More than 3,000 foreign teachers, most of them from the Philippines, will be allowed to re-enter Thailand as the government continues to ease border restrictions on foreign workers from Southeast Asia.
“They are teachers who had previously taught in Thailand but (have been) unable to return to Thailand,” a Foreign Ministry spokesman said Thursday.
About 18,000 Filipinos work in Thailand as teachers, nurses, salespeople, entertainers and other occupations, according to the Philippine embassy. Many choose to work here because they can earn relatively high wages and send some of their earnings back home.
There has been, however, pushback in Thailand against letting any foreigners into the country, especially from the Philippines, where coronavirus infections are soaring with 144,000 recorded cases and more than 2,400 deaths.
Thai-language newspaper Thai Rath stirred up a firestorm when it topped a story on the prospect of 3,000 Filipinos entering Thaialnd work with a headline that referred to the island nation as the “Land of Covid-19”.
The Philippine embassy took exception with the headline, expressing “deep dissatisfaction” with its implied message.
“The characterization is inappropriate, insensitive and unhelpful at a time when all of us, brothers and sisters in the Association of South East Asian Nations, are closely cooperating to deal with the new and unforeseen challenges brought about by the coronavirus,” the embassy said in an open letter.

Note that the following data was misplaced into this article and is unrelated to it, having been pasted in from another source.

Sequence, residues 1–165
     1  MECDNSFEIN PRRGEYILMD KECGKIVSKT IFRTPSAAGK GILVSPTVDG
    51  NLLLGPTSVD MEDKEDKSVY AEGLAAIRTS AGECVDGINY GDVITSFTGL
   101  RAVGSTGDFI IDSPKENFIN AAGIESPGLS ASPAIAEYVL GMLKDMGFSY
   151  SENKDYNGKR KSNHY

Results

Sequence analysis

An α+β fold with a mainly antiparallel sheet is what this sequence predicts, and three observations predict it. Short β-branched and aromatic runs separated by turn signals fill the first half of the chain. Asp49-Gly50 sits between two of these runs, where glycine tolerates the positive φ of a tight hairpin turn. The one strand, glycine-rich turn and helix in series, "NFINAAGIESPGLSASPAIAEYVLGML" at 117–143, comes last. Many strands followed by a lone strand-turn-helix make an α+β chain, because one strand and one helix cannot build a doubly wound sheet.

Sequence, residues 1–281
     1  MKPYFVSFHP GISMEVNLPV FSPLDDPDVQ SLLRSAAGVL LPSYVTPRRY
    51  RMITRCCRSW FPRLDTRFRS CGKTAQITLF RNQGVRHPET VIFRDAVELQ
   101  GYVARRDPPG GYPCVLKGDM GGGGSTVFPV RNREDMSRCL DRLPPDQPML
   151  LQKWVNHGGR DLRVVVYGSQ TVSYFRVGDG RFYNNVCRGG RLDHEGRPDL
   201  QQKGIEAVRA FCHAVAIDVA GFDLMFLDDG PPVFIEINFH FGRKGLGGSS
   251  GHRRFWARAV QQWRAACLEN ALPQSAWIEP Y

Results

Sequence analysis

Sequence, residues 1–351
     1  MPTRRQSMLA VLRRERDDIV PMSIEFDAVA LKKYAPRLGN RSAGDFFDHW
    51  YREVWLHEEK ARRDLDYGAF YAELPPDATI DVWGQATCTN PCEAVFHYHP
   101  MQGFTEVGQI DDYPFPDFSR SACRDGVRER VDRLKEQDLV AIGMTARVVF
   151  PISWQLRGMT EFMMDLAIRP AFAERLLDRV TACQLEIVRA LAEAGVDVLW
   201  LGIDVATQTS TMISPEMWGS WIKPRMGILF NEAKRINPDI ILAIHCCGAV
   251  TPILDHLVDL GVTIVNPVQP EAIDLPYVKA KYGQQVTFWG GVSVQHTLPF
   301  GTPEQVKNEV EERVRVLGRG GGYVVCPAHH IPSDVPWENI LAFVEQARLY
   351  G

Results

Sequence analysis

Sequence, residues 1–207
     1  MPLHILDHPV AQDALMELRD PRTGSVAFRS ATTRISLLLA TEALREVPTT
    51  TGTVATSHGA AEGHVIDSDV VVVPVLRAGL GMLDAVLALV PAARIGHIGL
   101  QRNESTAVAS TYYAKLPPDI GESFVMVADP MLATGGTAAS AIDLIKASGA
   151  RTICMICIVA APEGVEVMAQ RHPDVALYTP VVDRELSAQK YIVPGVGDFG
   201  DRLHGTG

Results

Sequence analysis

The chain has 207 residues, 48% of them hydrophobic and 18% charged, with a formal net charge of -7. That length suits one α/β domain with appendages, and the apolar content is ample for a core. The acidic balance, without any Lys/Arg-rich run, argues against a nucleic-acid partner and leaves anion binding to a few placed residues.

Thai officials scurried to reassure the public that all arrivals from the predominantly Catholic nation will be screened before they can enter to resume their work in Thailand and be required to enter 14-day quarantine.
“Please rest assured that although the outbreak situation in the Philippines is severe, everyone will be thoroughly screened,” a government spokesman said.
Many Thais have expressed support for the Filipino teachers by condemning other Thais with overt xenophobic attitudes. “Ignorance is an ugly beast,” one commenter noted on social media.
A degree of weariness against foreigners has been evident in recent weeks in Thailand, where some locals suspect them of being potential carriers of the novel coronavirus that causes Covid-19.
Last week the organizers of Midnight Marathon Bangkok announced that they would bar foreign nationals from participating in the upcoming sporting event, including those that have been staying in the country since before the pandemic.
While they have since backed down, the organizer of the Chiang Mai Marathon did the same thing only three days later.
The original version of this story first appeared in UCA News, a Bangkok Herald partner.